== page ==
Near Vail Pass, Colorado, five friends take advantage of fresh new powder to enjoy a day of skiing and snowmobiling. Then, without warning, a large avalanche buries three members of the group. Search and rescue teams rush to the scene to try to save those trapped.
"It's about locating, accessing, stabilizing and transporting the people we find," said Dale Atkins with the Alpine Rescue Team. He's spent more than four decades responding to these types of incidents. That doesn't mean his actions are second nature.
"Well they're perishable skills so we've got to practice them to stay sharp," Atkins said.
Fortunately, that's all it is on this day: practice. This training scenario supplements lots of recent real world experience for emergency responders in the U.S. Mountain West.
"The trend is more backcountry rescues and not only that but more serious rescues," said Jake Smith with the Mountain Rescue Association.
Not all of them, Smith said, have been successful. 33 people have been killed in avalanches in the U.S. this season, virtually all of them out west. Four died in one snow slide in Utah in February. These are some of the most dangerous conditions forecasters have ever seen.
"These people were out just enjoying the sunshine and beautiful weather, thought they'd go for a great ski and have it end in a tragedy like this," said Sgt. Melody Cutler with Utah's Unified Police Department.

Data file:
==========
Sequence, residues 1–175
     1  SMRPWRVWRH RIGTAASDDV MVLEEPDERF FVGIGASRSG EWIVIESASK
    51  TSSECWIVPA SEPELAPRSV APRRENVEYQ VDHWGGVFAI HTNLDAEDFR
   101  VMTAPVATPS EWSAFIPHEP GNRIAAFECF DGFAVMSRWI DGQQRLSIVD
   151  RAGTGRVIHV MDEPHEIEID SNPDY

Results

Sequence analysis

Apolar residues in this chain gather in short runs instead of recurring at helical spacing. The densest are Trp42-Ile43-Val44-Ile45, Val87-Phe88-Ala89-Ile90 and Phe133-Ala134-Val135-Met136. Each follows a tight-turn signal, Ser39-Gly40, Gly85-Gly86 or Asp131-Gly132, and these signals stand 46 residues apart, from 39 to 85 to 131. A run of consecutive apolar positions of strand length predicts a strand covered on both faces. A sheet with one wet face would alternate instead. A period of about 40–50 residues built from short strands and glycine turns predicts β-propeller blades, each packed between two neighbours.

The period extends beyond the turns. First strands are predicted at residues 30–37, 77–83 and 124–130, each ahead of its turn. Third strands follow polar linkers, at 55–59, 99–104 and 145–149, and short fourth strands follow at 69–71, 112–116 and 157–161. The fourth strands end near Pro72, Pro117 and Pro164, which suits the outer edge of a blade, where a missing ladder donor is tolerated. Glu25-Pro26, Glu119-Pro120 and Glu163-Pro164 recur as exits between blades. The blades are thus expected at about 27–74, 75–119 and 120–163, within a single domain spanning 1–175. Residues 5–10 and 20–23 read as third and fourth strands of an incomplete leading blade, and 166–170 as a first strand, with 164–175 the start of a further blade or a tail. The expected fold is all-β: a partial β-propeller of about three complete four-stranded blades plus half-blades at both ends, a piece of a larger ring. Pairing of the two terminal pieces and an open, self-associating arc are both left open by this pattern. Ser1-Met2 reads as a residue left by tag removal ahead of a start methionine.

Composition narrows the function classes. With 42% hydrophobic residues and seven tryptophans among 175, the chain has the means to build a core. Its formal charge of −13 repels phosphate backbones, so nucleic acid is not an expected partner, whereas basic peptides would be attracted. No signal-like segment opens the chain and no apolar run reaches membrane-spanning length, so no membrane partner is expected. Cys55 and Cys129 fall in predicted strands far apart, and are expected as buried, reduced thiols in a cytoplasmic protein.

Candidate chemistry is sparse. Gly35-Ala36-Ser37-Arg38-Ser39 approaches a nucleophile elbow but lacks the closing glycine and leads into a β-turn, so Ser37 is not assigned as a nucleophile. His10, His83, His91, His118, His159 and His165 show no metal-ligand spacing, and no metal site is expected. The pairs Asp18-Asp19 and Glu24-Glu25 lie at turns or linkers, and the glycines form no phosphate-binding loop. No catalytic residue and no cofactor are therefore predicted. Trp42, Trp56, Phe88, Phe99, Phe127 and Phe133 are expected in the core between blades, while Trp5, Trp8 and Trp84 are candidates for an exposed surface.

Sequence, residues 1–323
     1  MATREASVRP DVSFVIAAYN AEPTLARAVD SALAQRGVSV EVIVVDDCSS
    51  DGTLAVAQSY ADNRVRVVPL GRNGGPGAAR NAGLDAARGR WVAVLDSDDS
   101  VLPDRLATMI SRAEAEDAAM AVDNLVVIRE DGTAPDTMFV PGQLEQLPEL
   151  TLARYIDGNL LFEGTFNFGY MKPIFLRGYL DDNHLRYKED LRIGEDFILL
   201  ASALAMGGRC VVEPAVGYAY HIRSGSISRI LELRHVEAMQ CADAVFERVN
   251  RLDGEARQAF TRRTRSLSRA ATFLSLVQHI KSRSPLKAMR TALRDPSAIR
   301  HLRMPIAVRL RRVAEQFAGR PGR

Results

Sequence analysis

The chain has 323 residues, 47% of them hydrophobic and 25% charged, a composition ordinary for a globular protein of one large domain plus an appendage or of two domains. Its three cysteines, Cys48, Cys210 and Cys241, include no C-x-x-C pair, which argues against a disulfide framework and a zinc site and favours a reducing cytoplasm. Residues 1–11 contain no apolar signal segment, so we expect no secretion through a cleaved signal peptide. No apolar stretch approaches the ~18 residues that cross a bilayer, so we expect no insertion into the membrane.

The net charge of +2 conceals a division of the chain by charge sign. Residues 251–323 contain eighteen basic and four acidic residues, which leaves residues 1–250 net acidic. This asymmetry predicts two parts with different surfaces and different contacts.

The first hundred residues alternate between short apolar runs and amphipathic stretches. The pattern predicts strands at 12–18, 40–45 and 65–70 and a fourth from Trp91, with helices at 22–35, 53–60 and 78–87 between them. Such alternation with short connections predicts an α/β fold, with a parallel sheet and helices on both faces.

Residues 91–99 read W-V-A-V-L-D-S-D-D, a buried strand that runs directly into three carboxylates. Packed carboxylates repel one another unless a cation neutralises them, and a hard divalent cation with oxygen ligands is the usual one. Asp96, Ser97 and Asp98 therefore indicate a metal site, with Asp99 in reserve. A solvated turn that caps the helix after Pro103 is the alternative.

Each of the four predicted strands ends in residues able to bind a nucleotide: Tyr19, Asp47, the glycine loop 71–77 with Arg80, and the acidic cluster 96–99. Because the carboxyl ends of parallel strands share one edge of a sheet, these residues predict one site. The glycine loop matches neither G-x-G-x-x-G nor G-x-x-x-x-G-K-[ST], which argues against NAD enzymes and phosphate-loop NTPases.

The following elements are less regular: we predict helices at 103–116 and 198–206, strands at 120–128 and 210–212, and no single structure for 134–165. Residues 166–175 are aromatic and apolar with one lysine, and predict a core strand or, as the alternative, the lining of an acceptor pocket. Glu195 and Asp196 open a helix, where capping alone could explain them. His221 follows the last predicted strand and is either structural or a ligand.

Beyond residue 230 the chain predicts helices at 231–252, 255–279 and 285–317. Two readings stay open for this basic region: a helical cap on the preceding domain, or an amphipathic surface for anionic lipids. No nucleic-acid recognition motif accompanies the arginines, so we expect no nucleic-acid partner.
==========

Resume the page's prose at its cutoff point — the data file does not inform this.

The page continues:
The volume of snow that comes down is obviously a major contributor to avalanche conditions. But a long dry period before that snowfall is also an essential ingredient, creating an unstable snowpack that can shift quickly. Experts say with more people looking for outdoor recreation during the pandemic and outside of ski resort boundaries, that spells trouble.
"This trend has been apparent for a number of years," said Brian Lazar, the deputy director of the Colorado Avalanche Information Center. "COVID has in some ways accelerated the use of the backcountry."
Even backcountry pros unaccustomed to unusual snow conditions can get in over their heads.
"Some of the people who were getting caught and killed in avalanches had a fair bit of experience under their belt," Lazar said.
Those who venture into these areas are urged to check avalanche forecasts beforehand and, above all, remain searchable.
"That's having an avalanche transceiver so your friends can find you, it's having a RECCO reflector, it's having a whistle, it’s having a light," Atkins said.
Those tools help speed up a rescue.
"When we're faster, that’s maybe where we can make a difference," Atkins added.
Avalanche rescue training even includes practice counseling sessions for team members.
"We need to be prepared to do anything because when it is that critical time and a life is on the line we have to execute flawlessly," Smith said.
That's even more crucial now as this unexpectedly precarious season enters its final few months.